The Texas Masonic Oak: The Birth of Texas Masonry

The land called Texas was a land where survival was the most important thing in a settler’s day to day life. There wasn’t any such thing as churches, schools and lodges, or homes and unless they brought a woman with them, there weren’t any of them here either. They had to build shacks or dugouts of one kind or another until they could find the time and means to build something more substantial while they were trying to scrach a living from the land while they defended it against the indian and outlaw raiders.

But some of the men brought something very important with them. In the winter of 1834-5, five Master Masons, who had made themselves known to each other near Brazoria by March of 1835, decided that it was time to have a Masonic Lodge in Texas.   On March 10, 1835 these 5 men, Brothers John A. Wharton, Asa Brigham, James A. E. Phelps, Alexander Russell, Anson Jones and by then Brother J. P. Caldwell had joined them, met in a secluded grove near Brazoria. The area was secluded, and out of the way of cowans and eavesdroppers, and they felt they were alone. They held the meeting sitting in the shade of a majestic oak tree. Every since then it has been known as the Masonic Oak. They decided to petition the Grand Lodge of Louisiana for a dispensation to form a new Lodge to be called Holland Lodge.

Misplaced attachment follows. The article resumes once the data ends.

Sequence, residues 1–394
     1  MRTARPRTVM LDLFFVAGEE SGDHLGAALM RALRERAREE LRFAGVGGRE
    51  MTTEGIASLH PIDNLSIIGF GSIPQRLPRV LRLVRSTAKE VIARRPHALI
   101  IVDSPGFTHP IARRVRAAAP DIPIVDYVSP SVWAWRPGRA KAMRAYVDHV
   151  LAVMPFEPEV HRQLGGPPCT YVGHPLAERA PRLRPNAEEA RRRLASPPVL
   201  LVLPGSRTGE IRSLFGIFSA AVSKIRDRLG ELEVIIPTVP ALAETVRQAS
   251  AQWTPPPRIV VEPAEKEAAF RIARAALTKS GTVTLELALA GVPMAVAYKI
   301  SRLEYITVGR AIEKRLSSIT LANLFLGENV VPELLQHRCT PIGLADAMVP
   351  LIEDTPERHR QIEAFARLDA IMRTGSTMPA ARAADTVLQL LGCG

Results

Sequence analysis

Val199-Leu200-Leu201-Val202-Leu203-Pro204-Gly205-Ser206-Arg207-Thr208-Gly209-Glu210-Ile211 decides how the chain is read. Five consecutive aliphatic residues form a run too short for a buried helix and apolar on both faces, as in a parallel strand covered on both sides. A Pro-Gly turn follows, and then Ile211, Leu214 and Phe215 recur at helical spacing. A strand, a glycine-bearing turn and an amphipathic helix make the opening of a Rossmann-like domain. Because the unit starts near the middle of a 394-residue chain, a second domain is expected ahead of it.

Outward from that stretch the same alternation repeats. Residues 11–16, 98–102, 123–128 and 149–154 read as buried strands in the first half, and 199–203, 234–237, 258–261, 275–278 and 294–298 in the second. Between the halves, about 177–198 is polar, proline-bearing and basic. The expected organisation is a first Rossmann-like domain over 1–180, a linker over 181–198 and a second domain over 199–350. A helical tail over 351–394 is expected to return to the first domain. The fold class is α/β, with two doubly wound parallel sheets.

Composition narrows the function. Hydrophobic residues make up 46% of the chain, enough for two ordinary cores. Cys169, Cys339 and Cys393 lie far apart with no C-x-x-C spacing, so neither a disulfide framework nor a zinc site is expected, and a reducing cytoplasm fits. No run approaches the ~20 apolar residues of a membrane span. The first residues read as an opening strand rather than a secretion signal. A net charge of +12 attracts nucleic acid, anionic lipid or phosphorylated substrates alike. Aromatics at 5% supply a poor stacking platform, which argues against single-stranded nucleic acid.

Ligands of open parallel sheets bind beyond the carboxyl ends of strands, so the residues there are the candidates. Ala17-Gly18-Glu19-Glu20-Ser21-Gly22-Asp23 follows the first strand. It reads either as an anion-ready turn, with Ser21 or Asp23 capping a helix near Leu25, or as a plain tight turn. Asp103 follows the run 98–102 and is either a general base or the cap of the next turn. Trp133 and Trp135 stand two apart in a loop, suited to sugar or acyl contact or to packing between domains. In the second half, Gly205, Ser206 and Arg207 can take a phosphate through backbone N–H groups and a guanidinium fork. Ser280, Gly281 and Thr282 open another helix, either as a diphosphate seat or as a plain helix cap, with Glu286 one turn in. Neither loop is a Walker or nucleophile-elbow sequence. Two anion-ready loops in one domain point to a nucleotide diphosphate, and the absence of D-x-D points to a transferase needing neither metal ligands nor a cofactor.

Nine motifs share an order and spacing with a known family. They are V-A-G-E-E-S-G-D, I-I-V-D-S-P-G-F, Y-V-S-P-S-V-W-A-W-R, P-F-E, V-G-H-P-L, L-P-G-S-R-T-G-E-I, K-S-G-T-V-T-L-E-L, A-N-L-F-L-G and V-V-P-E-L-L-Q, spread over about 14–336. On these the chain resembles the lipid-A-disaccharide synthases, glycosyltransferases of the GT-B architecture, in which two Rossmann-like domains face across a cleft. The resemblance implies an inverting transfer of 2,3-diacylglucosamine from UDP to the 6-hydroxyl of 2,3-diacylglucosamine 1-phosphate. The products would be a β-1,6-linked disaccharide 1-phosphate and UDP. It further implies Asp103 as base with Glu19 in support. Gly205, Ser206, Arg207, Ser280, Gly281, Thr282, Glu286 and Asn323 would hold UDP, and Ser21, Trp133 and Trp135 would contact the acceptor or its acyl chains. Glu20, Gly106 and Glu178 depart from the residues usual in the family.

They had ignored the risk of possible damage to themselves by the Mexican government for petitioning a Lodge in the United States. The Texans were watched closely at that time, with jealously and distrust by the Mexican government. In the 1820s a group of Masons, including Stephen F. Austin had attempted to organize a Masonic lodge. In 1828 they met at San Felipe and petitioned the Grand York Lodge of Mexico for a charter dispensation. The petition evidently reached Mexico at the height of a quarrel between two factions of the Lodge and it disappeared.

On December 27, 1835, the dispensation from Louisiana was granted and the first meeting of Holland Lodge No. 36, now Holland Lodge No. 1, was conducted. A charter was eventually given to Brother Anson Jones just before the battle at San Jacinto, and he carried it in his saddlebags until after the battle.

Brother Anson Jones was elected the first Grand Master of the Grand Lodge of the Republic of Texas when the Grand Lodge was formed.